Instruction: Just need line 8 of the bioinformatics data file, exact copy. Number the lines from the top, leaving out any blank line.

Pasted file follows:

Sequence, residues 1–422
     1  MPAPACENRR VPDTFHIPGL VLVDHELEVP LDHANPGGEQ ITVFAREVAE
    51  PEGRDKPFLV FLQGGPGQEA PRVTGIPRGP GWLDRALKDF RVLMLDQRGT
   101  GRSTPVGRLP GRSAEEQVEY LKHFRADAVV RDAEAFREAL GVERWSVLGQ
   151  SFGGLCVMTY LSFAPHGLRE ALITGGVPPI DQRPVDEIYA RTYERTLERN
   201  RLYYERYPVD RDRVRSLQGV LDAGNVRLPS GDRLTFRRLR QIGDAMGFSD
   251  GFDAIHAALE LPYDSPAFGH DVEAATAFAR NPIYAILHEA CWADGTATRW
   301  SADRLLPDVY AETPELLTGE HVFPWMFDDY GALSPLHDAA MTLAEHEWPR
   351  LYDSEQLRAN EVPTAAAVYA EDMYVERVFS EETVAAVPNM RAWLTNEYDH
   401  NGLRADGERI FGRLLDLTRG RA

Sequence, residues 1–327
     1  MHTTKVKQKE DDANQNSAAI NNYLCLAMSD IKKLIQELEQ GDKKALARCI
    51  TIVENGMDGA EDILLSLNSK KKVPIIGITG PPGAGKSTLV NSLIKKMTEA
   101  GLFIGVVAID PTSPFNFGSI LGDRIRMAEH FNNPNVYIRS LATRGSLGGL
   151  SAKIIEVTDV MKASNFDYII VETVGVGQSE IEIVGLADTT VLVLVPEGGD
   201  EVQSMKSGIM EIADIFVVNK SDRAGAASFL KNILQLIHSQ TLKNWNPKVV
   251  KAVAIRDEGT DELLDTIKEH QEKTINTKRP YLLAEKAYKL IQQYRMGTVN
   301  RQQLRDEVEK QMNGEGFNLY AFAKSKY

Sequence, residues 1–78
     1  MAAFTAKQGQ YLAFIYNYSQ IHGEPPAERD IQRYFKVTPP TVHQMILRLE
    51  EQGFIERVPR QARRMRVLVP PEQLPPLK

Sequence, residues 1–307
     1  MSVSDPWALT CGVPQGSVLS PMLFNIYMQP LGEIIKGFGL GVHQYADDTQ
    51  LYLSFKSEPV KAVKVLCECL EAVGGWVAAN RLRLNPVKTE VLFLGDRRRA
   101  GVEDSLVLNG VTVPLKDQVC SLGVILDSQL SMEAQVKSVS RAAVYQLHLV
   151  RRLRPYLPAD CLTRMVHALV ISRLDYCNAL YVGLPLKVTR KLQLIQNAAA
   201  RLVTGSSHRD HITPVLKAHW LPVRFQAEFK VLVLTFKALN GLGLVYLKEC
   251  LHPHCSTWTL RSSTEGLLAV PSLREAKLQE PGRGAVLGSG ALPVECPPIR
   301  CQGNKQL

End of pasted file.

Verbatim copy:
   301  SADRLLPDVY AETPELLTGE HVFPWMFDDY GALSPLHDAA MTLAEHEWPR